Anchoring these efforts together is Singapore’s continued commitment to upskill and retrain talent as we recognise that technology can only come to life because of people. The SkillsFuture movement, Professional Conversion Programmes, Industry Transformation Maps and Skills Framework will provide support to Singaporeans and companies, helping them harness and integrate technology into the workplace.
With these pieces in place, many companies have thus turned to Singapore to kick-start its advanced manufacturing journey. For instance, Yamazaki Mazak opened its iSmart Factory that will utilise Industrial Internet of Things (IIoT) technology and an Additive Manufacturing Solution Centre that will develop IIoT solutions for the ASEAN region and India. Agilent Technologies will invest S$85 million over the next five years to increase its advanced manufacturing and applied research and development capabilities while PBA Systems has managed to achieve a lower production cost per unit in Singapore than its China factory through the deployment of advanced manufacturing.
Together, these initiatives enable us to accelerate our efforts to create new regional and global businesses, enabling Singapore to become not only an adopter of such technologies but an exporter of ideas and solutions.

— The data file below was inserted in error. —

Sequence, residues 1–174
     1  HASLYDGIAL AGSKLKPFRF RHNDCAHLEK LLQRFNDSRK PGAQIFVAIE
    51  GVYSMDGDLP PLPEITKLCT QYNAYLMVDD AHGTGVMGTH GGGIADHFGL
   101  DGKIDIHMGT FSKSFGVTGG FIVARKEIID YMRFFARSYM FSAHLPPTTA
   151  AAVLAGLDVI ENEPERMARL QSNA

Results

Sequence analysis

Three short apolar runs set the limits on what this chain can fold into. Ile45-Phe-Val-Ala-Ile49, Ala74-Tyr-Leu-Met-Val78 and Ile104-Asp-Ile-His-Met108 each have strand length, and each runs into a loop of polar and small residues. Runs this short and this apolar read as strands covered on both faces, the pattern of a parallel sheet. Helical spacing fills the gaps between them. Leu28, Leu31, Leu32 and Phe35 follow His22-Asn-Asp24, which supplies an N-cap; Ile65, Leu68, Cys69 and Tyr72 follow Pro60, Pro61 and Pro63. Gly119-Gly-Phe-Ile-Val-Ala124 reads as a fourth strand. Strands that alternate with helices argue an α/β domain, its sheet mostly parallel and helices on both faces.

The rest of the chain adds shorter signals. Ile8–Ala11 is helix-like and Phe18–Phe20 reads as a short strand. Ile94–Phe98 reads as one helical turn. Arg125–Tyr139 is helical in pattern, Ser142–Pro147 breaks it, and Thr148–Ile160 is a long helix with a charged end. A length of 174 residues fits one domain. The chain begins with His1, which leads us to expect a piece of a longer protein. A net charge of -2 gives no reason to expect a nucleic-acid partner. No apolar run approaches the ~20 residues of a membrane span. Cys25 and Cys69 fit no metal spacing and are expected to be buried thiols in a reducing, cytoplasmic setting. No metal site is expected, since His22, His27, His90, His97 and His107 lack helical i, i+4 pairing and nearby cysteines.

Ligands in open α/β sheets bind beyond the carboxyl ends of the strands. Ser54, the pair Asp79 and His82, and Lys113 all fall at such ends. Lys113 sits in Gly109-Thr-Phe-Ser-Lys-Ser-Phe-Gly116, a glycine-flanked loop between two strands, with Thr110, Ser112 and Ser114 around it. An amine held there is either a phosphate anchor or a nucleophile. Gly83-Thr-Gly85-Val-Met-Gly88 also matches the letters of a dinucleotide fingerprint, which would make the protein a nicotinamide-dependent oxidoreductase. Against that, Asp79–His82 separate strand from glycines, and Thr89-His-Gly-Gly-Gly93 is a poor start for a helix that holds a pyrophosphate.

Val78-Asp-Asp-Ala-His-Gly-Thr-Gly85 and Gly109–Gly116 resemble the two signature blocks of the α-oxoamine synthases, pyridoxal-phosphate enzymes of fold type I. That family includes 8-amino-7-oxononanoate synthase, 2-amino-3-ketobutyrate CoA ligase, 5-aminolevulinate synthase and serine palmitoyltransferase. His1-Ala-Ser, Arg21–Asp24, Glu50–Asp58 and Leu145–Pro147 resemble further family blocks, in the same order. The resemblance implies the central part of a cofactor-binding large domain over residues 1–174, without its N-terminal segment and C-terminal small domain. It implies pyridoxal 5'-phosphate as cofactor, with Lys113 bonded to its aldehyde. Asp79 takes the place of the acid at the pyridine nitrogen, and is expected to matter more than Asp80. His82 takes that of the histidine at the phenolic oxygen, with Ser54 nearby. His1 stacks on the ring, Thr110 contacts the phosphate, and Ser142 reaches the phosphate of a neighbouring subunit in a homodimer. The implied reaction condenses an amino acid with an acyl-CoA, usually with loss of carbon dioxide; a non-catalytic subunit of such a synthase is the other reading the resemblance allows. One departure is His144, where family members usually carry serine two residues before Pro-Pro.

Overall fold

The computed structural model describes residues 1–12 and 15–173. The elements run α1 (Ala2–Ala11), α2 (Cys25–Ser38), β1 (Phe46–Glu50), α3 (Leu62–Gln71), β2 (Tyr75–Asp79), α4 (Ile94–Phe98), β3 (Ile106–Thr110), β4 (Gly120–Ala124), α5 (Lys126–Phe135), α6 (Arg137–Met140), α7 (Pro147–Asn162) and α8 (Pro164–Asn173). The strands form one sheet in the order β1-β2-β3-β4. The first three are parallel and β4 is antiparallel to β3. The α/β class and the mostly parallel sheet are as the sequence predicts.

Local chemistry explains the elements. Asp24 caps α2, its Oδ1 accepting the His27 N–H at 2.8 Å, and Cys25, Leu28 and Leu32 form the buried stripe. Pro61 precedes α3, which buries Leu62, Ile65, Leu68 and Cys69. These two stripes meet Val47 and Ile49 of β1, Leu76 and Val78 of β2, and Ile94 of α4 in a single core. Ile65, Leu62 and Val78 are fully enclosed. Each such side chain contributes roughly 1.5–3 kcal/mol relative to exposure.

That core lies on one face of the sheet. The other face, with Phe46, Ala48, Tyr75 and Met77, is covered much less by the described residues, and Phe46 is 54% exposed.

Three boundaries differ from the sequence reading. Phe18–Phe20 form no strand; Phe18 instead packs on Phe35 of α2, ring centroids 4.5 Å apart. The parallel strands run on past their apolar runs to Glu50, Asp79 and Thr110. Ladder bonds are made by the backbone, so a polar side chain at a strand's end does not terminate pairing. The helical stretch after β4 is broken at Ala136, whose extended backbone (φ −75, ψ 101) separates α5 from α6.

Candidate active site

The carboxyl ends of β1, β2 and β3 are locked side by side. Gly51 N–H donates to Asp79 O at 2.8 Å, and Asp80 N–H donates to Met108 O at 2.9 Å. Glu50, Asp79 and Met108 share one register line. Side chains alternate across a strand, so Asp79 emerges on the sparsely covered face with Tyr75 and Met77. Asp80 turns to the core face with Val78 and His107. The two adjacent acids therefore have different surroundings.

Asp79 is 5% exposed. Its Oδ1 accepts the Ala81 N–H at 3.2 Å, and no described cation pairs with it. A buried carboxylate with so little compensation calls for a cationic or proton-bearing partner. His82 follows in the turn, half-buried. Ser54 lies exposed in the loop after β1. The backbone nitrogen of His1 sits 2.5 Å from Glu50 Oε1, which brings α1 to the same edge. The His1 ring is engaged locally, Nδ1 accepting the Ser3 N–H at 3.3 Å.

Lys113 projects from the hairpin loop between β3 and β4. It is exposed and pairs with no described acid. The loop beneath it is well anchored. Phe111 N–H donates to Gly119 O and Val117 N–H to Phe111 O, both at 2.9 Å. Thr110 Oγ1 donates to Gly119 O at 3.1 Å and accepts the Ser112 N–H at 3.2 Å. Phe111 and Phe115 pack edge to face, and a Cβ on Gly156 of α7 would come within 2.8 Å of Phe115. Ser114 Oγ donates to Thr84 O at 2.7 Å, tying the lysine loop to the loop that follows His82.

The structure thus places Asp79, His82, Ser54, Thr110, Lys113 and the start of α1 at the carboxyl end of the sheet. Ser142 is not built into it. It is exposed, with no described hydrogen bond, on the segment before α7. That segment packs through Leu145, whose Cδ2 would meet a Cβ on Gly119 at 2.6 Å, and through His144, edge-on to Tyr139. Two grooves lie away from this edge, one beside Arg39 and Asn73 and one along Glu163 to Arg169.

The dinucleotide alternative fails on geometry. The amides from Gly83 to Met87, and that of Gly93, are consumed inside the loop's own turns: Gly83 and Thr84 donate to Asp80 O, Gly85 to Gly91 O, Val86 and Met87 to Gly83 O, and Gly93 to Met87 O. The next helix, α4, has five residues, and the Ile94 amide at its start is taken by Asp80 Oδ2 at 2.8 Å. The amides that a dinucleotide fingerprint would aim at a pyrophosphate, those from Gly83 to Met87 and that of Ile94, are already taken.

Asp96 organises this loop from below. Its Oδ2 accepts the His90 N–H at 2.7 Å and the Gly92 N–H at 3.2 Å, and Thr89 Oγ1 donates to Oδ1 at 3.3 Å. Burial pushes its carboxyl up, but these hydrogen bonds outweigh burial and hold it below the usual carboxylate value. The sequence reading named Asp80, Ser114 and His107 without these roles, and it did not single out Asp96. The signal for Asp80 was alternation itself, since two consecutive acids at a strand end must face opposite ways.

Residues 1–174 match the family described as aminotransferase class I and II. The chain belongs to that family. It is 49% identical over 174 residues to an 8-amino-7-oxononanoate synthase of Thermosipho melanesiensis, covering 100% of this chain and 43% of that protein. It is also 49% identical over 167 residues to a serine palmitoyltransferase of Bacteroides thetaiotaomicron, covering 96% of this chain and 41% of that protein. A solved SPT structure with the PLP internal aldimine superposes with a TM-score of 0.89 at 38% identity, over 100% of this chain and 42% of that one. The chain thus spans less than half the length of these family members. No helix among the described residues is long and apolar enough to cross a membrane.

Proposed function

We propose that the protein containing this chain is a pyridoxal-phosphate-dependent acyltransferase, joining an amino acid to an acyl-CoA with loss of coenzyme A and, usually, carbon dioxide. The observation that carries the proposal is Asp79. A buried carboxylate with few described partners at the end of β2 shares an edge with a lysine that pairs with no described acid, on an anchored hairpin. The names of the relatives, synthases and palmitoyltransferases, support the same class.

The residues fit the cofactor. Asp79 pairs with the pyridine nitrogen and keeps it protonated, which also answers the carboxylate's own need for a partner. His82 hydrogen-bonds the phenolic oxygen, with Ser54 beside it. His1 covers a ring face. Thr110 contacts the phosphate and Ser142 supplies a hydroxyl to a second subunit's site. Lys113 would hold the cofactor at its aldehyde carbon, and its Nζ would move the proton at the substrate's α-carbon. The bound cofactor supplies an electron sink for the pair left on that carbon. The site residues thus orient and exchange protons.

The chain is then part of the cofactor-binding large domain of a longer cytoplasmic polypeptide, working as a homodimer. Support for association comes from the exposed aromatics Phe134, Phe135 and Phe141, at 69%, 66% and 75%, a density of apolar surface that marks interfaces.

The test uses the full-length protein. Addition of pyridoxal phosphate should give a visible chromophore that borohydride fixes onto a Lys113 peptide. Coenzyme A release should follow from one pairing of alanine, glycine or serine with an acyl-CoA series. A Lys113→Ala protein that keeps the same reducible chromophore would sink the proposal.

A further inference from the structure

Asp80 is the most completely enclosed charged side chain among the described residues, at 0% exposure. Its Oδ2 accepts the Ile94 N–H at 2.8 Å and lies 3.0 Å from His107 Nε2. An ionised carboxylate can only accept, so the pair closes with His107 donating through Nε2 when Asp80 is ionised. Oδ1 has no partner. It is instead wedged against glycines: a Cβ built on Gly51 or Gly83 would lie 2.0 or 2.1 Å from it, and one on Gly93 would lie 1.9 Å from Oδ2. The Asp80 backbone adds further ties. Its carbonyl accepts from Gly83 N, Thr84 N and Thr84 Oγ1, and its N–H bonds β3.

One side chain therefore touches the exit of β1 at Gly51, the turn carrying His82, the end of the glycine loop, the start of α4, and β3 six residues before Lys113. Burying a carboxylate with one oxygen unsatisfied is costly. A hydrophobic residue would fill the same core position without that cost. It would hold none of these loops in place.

The pursuit of advanced manufacturing is not about achieving a one-off boost in productivity but about equipping companies with the right tools and mind-set to meet challenges of the future. It is in fact, an evolution rather than a revolution as companies constantly re-orientate, tweak and innovate their processes and products to stay ahead of the curve.
This is just the beginning and there is more work to be done.
However, Singapore is not starting from scratch. Our extensive manufacturing capabilities, ability to evolve and constant drive for innovation puts us in good stead to sustain our competitiveness over the medium to long term and continue creating good jobs that meet the aspirations of Singaporeans.
As economist Robert Shiller noted in a speech at the World Economic Forum in 2016: “You cannot wait until a house burns down to buy fire insurance on it. We cannot wait until there are massive dislocations in our society to prepare for the Fourth Industrial Revolution.”
Mr Lim Kok Kiang is the Assistant Managing Director of the Singapore Economic Development Board (EDB). He oversees EDB’s engineering clusters that comprises Cities, Infrastructure & Industrial Solutions, Clean Technology, Energy & Chemicals, Electronics, Precision Engineering and Transport Engineering.
This article first appeared in the Opinion section of The Business Times, on 07 September 2017.